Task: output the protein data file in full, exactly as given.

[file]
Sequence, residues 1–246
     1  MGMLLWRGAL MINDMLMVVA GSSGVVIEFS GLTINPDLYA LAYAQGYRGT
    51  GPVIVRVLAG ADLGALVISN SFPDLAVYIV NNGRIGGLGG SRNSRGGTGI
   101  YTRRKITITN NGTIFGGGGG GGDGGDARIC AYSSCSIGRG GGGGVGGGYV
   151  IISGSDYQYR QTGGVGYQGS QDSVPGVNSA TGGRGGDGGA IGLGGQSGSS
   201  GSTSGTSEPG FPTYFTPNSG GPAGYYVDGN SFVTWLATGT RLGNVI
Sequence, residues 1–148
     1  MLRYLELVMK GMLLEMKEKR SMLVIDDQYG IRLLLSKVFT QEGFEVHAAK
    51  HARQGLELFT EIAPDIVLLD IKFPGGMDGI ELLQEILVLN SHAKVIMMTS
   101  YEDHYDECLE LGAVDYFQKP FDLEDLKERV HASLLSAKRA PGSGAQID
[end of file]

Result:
Sequence, residues 1–246
     1  MGMLLWRGAL MINDMLMVVA GSSGVVIEFS GLTINPDLYA LAYAQGYRGT
    51  GPVIVRVLAG ADLGALVISN SFPDLAVYIV NNGRIGGLGG SRNSRGGTGI
   101  YTRRKITITN NGTIFGGGGG GGDGGDARIC AYSSCSIGRG GGGGVGGGYV
   151  IISGSDYQYR QTGGVGYQGS QDSVPGVNSA TGGRGGDGGA IGLGGQSGSS
   201  GSTSGTSEPG FPTYFTPNSG GPAGYYVDGN SFVTWLATGT RLGNVI
Sequence, residues 1–148
     1  MLRYLELVMK GMLLEMKEKR SMLVIDDQYG IRLLLSKVFT QEGFEVHAAK
    51  HARQGLELFT EIAPDIVLLD IKFPGGMDGI ELLQEILVLN SHAKVIMMTS
   101  YEDHYDECLE LGAVDYFQKP FDLEDLKERV HASLLSAKRA PGSGAQID